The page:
JAMAM, South Sudan -- Needing water, the teetering mass of people lurched forward, some dropping to the ground in thirst, unable to walk any farther. The tens of thousands of refugees already had marched hundreds of miles over weeks of grueling terrain to cross into South Sudan, but they still hadn’t reached a United Nations refugee camp.
The aid group Doctors Without Borders set up emergency clinics along the way, saving some lives but losing others.
“There was no food and there was no water,” Abukar Joda, wearing a torn secondhand shirt, said of the long journey. “Many died because we couldn’t find water.”
The thirsty refugees pouring out of Sudan’s Blue Nile state are only a fragment of the vast human toll in Sudan, where hundreds of thousands of people are starving to death and fleeing their homes in war-torn lands whose names are unknown to most outsiders. The border district of Abyei has been razed and its population driven out, the famished Nuba Mountains are coughing out a steady stream of starving refugees and Blue Nile is a desolated war zone of abandoned villages.
These hot spots – known in diplomatic circles as the Three Areas – have pushed 270,000 refugees into South Sudan, tens of thousands into Ethiopia and untold others into neighboring Sudanese states to seek safety.
As South Sudan this week marks one year since it gained independence from Sudan, the squabbles and occasional military flare-ups between the uneasy neighbors continue to overshadow the fates of these border populations in Sudan despite the hundreds of thousands of lives that are hanging in the balance – and the fact that one-third of a U.S.-backed peace deal originally was directed toward resolving the conflicts in the Three Areas.
Before South Sudan’s January 2011 referendum on independence, fears of renewed north-south war led international diplomats and Sudanese officials to push the rest of the 2005 peace deal to the back of the agenda, said Jon Temin, the Sudan director at the U.S. Institute of Peace, a research center. The result, Temin said, was that South Sudan was able to secede largely without violence, but the rest of the peace deal’s provisions were left in shambles.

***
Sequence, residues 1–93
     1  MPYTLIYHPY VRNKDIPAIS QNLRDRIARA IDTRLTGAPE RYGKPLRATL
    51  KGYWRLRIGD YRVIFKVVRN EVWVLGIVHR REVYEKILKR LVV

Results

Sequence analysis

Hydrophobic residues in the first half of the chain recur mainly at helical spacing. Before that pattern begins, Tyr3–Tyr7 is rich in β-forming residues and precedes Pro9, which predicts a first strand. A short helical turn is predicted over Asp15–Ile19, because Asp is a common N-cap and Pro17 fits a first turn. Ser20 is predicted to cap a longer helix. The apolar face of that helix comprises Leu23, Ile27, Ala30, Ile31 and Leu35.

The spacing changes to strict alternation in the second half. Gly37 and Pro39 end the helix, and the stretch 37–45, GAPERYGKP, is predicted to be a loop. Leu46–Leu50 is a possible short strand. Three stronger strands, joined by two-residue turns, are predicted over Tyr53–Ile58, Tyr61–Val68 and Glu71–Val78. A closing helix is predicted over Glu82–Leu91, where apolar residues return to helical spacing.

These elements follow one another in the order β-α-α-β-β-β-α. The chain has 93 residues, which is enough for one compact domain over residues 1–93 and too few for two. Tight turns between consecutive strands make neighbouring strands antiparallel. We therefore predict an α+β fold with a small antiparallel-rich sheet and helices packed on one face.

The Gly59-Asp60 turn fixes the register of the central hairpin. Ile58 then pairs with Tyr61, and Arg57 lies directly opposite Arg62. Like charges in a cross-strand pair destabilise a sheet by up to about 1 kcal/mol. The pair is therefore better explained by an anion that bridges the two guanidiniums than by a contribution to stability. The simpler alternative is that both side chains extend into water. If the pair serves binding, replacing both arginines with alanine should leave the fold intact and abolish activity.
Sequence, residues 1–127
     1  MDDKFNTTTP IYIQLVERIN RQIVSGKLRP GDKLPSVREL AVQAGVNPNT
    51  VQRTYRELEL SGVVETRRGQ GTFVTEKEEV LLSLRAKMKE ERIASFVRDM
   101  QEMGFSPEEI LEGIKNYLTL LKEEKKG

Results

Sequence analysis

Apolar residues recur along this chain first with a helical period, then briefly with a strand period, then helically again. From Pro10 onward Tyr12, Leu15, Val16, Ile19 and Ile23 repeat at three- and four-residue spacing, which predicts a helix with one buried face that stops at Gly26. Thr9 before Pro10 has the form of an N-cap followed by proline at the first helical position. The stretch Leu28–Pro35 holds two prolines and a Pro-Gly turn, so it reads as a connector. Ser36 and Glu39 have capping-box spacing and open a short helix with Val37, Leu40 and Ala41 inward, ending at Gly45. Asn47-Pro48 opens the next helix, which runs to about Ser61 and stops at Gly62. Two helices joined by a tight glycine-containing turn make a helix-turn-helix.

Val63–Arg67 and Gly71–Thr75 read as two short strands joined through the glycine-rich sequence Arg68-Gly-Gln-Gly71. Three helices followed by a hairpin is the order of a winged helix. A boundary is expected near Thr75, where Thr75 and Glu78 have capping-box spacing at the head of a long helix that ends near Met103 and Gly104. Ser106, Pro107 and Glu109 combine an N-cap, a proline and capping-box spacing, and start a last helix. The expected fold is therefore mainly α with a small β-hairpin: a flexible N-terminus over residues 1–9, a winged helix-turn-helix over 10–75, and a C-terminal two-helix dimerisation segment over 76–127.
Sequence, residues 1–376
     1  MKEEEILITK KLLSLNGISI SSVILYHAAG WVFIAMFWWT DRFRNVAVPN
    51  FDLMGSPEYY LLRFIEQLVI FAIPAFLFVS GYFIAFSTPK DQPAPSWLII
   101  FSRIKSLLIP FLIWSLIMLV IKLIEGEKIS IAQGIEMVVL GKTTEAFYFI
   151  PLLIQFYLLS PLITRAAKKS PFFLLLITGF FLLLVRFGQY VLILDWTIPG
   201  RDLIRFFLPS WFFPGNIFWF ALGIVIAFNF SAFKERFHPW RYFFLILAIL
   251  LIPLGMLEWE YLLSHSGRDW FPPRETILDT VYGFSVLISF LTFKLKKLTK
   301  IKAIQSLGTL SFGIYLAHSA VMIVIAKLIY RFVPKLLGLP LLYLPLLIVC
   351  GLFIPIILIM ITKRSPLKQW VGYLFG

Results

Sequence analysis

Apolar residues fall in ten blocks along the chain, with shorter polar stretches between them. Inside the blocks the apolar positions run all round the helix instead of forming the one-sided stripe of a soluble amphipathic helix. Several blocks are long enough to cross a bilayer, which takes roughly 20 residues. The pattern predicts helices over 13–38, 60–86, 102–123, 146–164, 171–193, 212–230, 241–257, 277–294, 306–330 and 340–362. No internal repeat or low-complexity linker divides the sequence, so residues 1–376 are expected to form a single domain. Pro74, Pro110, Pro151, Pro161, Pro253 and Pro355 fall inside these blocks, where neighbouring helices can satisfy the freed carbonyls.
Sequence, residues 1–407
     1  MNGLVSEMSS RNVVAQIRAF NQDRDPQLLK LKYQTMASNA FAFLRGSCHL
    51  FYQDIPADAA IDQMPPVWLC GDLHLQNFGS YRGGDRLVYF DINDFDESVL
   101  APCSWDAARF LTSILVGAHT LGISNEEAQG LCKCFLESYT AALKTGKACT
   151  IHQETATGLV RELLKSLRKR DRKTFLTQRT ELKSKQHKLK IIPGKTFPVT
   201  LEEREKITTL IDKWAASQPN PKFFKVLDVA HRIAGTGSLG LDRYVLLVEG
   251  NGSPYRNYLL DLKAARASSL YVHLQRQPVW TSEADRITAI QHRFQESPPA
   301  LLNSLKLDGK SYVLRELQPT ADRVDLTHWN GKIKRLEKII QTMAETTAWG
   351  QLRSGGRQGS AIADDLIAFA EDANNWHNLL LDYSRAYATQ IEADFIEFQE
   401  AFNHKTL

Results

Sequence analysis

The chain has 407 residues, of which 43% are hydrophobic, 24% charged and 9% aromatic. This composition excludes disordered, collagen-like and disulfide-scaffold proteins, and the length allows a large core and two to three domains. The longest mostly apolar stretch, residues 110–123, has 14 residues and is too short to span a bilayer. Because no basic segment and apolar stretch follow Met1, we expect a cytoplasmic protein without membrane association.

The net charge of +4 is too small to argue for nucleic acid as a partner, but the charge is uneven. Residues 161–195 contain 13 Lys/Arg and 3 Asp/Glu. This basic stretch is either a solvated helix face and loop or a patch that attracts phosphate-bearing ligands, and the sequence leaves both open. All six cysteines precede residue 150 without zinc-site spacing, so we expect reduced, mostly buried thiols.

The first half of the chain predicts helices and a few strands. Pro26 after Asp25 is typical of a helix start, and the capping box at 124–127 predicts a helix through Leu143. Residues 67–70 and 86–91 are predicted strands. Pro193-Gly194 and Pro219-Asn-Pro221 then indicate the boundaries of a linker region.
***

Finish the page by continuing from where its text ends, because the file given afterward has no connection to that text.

“This was a tradeoff that politicians and diplomats chose to make,” Temin said.
That strategy seems to have backfired.
U.S. officials now consider the raging war in the Nuba Mountains and Blue Nile a chief obstacle to resolving the violent border disputes between Sudan and South Sudan. In a recent interview, Princeton Lyman, the ranking U.S. envoy to Sudan and South Sudan, said he was “very pessimistic” about the prospects for cross-border peace unless the conflicts in those areas resolved first.
Any satisfaction that U.S. and other diplomats felt at overseeing Sudan’s partition after decades of north-south conflict was short-lived, with the fighting erupting before South Sudan’s secession was even official.
In May 2011, Sudanese forces swept through Abyei – a disputed district along the border that’s inhabited by ethnic South Sudanese but used as a grazing ground by nomadic northerners – and drove South Sudanese off the land, displacing some 100,000 people.
A month later, fighting erupted in the Nuba Mountains, and then spread to Blue Nile last September as Sudanese forces tried to dislodge the Sudan People’s Liberation Army-North militia, which had fought previously alongside South Sudan but refused to disarm until the peace deal provisions were fully implemented.